Of all adults who have some college credit but no degree, more than one in three are parents, indicating that more support for parents could help improve college retention and completion rates. One of the easiest and most meaningful ways that counselors and colleges can make it easier for student-parents to persist in school is to inform them of the financial aid available to cover child care expenses. About half of all eligible student-parents leave needed federal financial aid on the table because they are not aware that they qualify. To access this aid, student-parents often must submit a dependent care allowance form, which counselors and advisers can help them fill out using resources like this one from Swift Student.

The University of Minnesota-Twin Cities has gone a few steps further to support student-parents from enrollment through graduation. Its Student Parent HELP Center (SPHC) has been serving pregnant and parenting undergraduate students on campus since 1984, providing student-parents with specific spaces on campus, support groups, child care and emergency assistance grants, and family-friendly programming, including an annual Student Parent Visibility Day. The SPHC has intentionally worked to identify student-parents on campus through direct outreach to students eligible for child care, collaboration with its campus financial aid office, and outreach to teen parents in the external community, particularly through admission recruiters assigned to alternative high schools.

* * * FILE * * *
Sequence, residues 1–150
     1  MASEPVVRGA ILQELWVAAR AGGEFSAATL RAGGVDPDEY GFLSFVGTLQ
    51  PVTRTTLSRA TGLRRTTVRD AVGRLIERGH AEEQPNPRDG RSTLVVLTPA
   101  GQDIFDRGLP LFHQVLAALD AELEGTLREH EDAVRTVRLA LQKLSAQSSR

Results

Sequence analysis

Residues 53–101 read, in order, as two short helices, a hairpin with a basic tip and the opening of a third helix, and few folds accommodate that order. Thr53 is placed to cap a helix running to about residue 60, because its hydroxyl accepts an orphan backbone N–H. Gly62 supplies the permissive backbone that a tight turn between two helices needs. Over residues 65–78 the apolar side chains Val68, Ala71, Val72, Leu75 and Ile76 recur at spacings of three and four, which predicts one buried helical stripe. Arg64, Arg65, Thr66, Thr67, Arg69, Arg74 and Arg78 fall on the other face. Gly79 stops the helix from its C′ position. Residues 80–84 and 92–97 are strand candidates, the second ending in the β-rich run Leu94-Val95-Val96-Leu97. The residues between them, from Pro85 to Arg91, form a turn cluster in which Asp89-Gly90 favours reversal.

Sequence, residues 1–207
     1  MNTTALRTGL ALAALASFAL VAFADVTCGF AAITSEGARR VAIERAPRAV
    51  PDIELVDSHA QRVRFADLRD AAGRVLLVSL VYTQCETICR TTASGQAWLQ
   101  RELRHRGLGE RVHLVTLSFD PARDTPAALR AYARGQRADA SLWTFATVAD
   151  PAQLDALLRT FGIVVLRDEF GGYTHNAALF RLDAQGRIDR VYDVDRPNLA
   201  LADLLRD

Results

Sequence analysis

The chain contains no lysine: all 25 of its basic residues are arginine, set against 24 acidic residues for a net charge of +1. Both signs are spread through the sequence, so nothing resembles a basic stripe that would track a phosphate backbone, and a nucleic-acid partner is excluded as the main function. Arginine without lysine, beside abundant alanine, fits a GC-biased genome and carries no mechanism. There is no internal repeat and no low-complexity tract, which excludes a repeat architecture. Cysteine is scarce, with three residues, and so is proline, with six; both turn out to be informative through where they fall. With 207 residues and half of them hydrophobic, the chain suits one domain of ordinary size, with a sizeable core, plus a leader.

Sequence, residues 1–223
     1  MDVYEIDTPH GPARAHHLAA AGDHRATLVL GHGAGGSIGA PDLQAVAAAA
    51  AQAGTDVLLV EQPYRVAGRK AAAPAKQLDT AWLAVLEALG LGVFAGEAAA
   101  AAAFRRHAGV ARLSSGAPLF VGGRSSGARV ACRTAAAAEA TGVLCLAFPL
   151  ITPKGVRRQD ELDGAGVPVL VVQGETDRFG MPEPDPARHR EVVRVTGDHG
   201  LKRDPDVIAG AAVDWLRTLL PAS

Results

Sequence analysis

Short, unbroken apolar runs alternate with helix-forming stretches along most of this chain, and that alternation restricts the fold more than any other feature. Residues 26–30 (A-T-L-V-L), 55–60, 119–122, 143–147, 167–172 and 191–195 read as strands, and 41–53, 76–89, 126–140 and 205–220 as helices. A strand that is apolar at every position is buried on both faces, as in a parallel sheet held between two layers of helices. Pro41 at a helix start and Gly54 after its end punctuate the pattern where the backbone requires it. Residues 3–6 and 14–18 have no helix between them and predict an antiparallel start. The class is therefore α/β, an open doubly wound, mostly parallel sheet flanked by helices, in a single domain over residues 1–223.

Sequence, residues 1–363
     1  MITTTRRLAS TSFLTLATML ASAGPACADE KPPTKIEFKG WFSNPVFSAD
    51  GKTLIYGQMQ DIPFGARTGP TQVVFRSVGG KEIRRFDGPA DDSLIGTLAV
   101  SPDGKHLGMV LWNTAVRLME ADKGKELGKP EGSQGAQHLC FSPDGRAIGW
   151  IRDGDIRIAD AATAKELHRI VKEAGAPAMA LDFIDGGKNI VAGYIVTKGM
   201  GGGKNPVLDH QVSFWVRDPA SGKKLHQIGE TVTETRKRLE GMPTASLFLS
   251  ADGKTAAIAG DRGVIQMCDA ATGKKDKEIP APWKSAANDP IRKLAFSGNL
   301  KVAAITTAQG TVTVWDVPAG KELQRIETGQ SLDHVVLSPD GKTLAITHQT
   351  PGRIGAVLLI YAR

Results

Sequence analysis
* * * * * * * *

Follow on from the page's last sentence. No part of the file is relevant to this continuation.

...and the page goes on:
More recently, SPHC began a new collaboration with campus departments focused on transfer student recruitment and admission. To help ease the transfer process, SPHC program staff conduct direct outreach to the university’s primary feeder colleges to inform them of their services and supports for their transitioning student-parents. In collaboration with Raise the Barr, a Minnesota-based organization launched by professional football player Anthony Barr and his mother (a former student-parent), SPHC has also held a series of  transfer readiness webinars catered specifically to student-parents. By engaging these students before they step foot on campus, SPHC and its partners are aiming to connect them to information, resources, and services before they encounter the many barriers they often face when making the transition from two- to four-year colleges.

There are many other ways that counselors and colleges can support the success of their student-parents and prospective students. Helping student-parents identify programs and schools that have family-friendly services on campus, such as campus child care or family resource centers, will ensure that they enroll at an institution that is the right fit for them. Including student-parents in campus or orientation materials can help this population, who often feel invisible and isolated on campus, feel more welcome.

Student-parents are a sizable population of current and prospective college students, but their unique needs are often ignored as they navigate their college journey from enrollment to graduation. By taking steps to give these remarkable students the additional information and support they need, we can make meaningful progress on improving equity in higher education.

Take a deeper dive into this issue by checking out these additional resources:

David Croom is the assistant director for postsecondary achievement and innovation with Ascend at the Aspen Institute.